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Indiana medical insurance does not have to cost an arm and a leg. There are many affordable plans that offer benefits that you would expect to find in more comprehensive plans, and the rates may pleasantly surprise you! And if you are currently not covered, there are several very inexpensive "basic" plans available.

Our job is to find the policies that allow you to pay the premium that you can afford, but still give you the medical coverage that’s most important to you and you are likely to utilize. For example, if you are currently taking medication for depression, high cholesterol, asthma, or diabetes, often, the cost of a non-generic drug can be quite expensive. Therefore, in these situations, we show you the plans that offer the lowest combination of prescription copays and deductibles, to reduce your out-of-pocket cost.

We do not take any shortcuts. We spend the time needed to research all of your options and never recommend plans that don't deliver the benefits they promise. By reviewing consumer ratings each year, it helps us determine which plans are most approved by consumers, and which plans should be avoided.

 

A Few Of Our Best Tips That Will Help Reduce Your Rate

 

Let us do the hard work for you. We know it’s time-consuming, confusing and frustrating trying to choose (or even understand) the best healthcare policies (on or off the Exchange). But by providing the information needed for a quote, you’ll be presented with the best options in an easy to understand format. You will also have a live person to talk to or email any time, including after you purchase a policy.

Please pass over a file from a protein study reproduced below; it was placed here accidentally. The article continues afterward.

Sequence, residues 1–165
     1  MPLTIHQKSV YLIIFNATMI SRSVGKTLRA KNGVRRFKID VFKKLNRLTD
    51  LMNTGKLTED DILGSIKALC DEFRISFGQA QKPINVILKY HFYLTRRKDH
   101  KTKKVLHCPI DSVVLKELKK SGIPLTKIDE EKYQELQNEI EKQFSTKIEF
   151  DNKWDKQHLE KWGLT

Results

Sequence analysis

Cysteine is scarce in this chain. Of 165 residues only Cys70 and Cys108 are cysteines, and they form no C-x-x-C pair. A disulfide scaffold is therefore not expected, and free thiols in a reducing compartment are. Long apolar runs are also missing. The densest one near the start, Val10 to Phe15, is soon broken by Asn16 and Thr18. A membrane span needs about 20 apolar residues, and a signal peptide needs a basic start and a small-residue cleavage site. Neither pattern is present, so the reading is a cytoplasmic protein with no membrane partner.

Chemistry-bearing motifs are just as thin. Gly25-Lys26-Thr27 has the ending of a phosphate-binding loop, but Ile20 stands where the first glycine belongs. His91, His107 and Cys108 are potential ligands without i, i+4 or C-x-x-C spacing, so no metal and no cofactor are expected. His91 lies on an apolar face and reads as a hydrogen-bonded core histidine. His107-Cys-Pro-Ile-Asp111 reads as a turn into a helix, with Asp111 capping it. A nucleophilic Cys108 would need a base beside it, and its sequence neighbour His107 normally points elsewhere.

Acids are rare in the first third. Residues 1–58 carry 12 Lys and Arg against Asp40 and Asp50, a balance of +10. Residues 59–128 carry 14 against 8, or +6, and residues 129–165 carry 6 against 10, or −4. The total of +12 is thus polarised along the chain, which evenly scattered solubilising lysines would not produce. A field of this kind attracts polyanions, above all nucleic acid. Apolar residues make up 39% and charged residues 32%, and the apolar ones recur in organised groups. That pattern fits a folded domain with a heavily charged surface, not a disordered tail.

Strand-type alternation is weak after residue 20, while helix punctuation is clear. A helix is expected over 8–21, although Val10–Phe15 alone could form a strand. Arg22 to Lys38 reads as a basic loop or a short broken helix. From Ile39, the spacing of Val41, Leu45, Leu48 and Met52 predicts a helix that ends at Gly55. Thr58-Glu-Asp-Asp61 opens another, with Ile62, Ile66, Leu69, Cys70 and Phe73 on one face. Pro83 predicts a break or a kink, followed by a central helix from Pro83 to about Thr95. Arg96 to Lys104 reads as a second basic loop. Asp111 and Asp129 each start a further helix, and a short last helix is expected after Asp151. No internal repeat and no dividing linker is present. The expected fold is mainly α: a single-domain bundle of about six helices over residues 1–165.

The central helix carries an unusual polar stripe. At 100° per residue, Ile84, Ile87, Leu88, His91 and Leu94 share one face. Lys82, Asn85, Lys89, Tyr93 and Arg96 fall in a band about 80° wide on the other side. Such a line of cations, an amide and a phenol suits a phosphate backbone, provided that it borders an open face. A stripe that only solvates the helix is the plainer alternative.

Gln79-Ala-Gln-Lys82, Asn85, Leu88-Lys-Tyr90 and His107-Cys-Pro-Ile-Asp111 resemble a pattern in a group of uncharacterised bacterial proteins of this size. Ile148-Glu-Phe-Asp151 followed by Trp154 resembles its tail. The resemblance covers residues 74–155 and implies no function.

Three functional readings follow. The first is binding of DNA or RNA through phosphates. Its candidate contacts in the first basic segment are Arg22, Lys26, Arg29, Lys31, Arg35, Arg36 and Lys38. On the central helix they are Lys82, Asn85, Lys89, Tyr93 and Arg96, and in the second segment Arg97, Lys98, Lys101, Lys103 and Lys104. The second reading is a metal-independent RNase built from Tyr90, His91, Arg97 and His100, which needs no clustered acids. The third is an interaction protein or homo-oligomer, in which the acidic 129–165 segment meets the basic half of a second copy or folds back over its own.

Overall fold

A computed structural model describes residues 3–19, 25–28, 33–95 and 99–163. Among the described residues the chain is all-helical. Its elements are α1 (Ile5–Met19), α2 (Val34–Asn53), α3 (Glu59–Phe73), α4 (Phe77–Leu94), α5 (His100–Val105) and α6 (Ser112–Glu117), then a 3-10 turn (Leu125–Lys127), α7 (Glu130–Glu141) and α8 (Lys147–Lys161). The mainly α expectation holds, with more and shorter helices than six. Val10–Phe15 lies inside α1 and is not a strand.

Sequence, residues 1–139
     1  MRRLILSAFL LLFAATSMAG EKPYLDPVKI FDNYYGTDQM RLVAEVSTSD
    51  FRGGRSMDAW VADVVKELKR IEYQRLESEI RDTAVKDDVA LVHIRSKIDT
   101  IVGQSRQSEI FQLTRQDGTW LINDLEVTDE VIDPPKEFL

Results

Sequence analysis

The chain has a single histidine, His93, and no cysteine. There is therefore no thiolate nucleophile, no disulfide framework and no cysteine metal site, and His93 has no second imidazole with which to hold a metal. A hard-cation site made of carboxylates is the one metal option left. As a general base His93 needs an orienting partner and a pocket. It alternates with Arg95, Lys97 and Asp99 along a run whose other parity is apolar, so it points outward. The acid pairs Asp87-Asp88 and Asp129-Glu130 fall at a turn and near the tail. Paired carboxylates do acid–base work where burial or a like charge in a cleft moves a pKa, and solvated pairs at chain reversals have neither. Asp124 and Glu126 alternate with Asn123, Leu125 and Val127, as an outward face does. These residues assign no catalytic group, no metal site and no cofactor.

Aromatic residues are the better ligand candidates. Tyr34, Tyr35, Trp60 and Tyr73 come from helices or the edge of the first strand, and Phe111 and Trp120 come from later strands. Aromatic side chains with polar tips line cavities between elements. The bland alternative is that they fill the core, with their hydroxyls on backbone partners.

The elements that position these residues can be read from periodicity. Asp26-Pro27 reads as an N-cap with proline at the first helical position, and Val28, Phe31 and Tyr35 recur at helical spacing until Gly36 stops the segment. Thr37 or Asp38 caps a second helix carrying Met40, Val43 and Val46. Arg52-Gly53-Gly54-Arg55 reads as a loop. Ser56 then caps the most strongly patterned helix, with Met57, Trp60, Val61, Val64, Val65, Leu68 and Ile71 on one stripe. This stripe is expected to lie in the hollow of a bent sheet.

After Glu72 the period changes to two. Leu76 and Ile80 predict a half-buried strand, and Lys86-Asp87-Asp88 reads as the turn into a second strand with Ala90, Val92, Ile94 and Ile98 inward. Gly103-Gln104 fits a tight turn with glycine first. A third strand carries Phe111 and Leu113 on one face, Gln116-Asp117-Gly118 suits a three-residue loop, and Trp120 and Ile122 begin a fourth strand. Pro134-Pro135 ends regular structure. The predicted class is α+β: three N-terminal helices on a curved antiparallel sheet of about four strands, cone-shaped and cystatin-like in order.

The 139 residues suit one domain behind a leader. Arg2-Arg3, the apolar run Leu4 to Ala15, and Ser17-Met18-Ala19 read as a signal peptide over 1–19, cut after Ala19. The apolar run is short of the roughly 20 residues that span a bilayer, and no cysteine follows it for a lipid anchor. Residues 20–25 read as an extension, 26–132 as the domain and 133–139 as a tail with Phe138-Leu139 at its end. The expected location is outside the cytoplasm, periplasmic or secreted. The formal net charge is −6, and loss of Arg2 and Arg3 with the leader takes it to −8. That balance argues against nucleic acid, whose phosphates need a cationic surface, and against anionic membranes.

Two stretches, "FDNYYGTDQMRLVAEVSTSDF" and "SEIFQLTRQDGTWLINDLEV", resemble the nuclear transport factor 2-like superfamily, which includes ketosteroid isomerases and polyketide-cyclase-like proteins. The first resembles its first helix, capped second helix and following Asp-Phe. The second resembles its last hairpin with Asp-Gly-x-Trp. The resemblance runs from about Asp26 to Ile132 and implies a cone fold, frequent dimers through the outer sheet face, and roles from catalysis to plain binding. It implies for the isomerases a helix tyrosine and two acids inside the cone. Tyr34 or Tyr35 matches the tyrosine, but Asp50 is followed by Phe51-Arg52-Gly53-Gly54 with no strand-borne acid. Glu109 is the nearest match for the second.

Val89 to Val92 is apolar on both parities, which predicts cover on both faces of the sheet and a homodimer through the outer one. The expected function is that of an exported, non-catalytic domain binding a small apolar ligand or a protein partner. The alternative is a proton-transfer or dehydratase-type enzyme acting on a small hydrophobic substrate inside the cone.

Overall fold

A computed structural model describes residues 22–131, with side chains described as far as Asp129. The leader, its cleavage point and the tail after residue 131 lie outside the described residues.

We also explain the impact of recent legislation, or changes to existing laws. Although many changes only impact Seniors and Medigap plans, many other new regulations will affect persons under age 65. Medicaid and CHIP eligibility may also be impacted, depending upon your household income. If your child is a college student, we compare private and University-sponsored plans to determine your best choice.

If you qualify for a federal subsidy, always consider the "Silver-Tier plans. Why? Because Silver Metal plans are the only policies that offer "cost-sharing." Depending on your income, the deductible and copayments could substantially reduce. Maximum out-of-pocket expenses (MOP) can also reduce, resulting in thousands of dollars of savings if you meet your deductible. This type of savings does not affect persons eligible for Medicare or Medicaid.